In the following interview segment, Doug Levy, author and CEO of MEplusYOU, explains how caring more can actually make you more successful. The full interview with Doug Levy can be seen HERE, in which he discusses his new book, Can't Buy Me Like. In the book, Levy tackles the changing marketing space, believing that companies must either adapt or continue to put blind faith in increasingly ineffective advertising. Levy also explains a new era that we've entered, dubbed the 'relationship era', and describes how this will change marketing for all companies, big and small.

Brendan Byrnes: Hi, I'm Brendan Byrnes and I'm joined today by Doug Levy. Doug is the author of Can't Buy Me Like, and also the founder and CEO of MEplusYOU. Thank you for your time.

Doug Levy: I'm delighted to be with you.

Brendan: My first question is about the book. You talk about this Relationship Era that we're now entering. Can you describe that, and what that means for marketers?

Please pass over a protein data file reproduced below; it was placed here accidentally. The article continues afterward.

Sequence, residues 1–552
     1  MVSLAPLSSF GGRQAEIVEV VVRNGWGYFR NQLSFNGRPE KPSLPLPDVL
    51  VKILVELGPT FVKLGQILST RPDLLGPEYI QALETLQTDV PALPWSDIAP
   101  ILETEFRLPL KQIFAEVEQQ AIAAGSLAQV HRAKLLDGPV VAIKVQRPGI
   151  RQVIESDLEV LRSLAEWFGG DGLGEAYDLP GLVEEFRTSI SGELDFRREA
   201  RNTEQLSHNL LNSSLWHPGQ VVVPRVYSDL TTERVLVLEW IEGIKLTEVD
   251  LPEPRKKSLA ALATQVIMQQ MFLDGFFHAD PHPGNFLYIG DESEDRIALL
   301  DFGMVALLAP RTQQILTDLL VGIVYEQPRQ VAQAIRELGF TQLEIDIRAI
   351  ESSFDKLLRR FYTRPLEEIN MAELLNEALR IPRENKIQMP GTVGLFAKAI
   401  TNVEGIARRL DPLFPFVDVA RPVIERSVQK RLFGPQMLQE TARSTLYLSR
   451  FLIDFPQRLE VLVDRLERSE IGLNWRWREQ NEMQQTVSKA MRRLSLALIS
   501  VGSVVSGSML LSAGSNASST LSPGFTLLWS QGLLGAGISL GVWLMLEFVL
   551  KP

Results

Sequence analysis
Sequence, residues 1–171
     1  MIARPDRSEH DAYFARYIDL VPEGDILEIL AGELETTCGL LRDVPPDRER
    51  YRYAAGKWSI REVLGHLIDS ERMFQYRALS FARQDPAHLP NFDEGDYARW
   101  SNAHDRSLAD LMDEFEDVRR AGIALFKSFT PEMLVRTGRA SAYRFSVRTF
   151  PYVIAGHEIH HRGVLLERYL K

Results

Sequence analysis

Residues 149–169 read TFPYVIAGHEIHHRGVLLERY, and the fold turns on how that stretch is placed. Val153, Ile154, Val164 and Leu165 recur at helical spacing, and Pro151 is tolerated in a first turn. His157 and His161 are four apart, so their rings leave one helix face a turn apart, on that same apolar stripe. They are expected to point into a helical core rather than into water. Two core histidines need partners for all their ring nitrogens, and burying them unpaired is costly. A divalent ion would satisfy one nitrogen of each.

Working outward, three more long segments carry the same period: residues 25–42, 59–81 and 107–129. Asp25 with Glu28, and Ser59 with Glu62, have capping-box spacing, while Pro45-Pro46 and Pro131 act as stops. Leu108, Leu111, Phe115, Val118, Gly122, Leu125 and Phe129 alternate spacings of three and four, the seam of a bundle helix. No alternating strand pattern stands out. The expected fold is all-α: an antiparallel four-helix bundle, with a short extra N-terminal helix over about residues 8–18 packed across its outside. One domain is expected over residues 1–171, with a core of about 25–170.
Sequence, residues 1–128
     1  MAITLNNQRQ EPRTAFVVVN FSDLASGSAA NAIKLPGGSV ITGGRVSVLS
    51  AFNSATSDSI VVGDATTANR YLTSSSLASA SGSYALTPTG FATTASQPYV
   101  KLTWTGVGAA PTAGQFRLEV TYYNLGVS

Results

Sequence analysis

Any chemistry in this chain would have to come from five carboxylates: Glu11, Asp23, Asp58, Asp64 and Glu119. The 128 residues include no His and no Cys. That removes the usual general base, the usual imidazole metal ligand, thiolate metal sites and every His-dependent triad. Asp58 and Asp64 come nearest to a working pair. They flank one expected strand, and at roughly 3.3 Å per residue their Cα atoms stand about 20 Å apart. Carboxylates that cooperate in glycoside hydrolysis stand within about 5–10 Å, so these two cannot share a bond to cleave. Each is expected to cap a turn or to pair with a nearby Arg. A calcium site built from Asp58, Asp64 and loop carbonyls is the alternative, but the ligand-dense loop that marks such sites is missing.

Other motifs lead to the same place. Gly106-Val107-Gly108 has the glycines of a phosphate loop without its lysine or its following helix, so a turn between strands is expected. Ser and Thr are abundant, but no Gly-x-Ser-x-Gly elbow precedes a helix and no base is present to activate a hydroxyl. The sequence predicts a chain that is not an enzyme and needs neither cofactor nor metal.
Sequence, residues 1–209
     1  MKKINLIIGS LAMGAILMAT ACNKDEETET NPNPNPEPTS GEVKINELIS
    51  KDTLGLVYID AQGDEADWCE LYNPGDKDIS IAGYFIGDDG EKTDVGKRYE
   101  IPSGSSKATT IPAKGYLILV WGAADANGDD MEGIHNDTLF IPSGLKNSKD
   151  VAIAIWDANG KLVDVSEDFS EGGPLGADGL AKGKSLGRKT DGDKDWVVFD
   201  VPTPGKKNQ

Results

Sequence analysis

Doug: You bet. First, a little context. We have entered a new era. We got here by way of a couple of preceding eras. The first era of marketing I call the Product Era, where marketers just talked about the product and the features of the product.

That gave way to a new era around the 1960s, when marketers realized that they could not just talk about their product but really get to know the people who were intended to buy their product, and win over hearts and minds, so marketing shifted from the Product Era to the Consumer Era.

We've now moved out of the Consumer Era. We've moved to a new era. This new era is called the Relationship Era, and what we're seeing is that marketers who continue to do business in a way that was prescribed by the Consumer Era are struggling, relative to those who have fully entered this new era.

Brendan: How do you enter this new era? What are some principles that you can use to be successful in the Relationship Era?

Doug: Chief among them is that companies that care about something bigger than selling their product sell more of their product. It's counterintuitive, but that's exactly it. What I'm talking about is not moving away from caring about selling your product, or not caring about profit.

The companies that have been the most successful in the Relationship Era care deeply about selling things and about profit. In fact, they've been extraordinarily profitable. They care about something in addition to that, something bigger than that, also.

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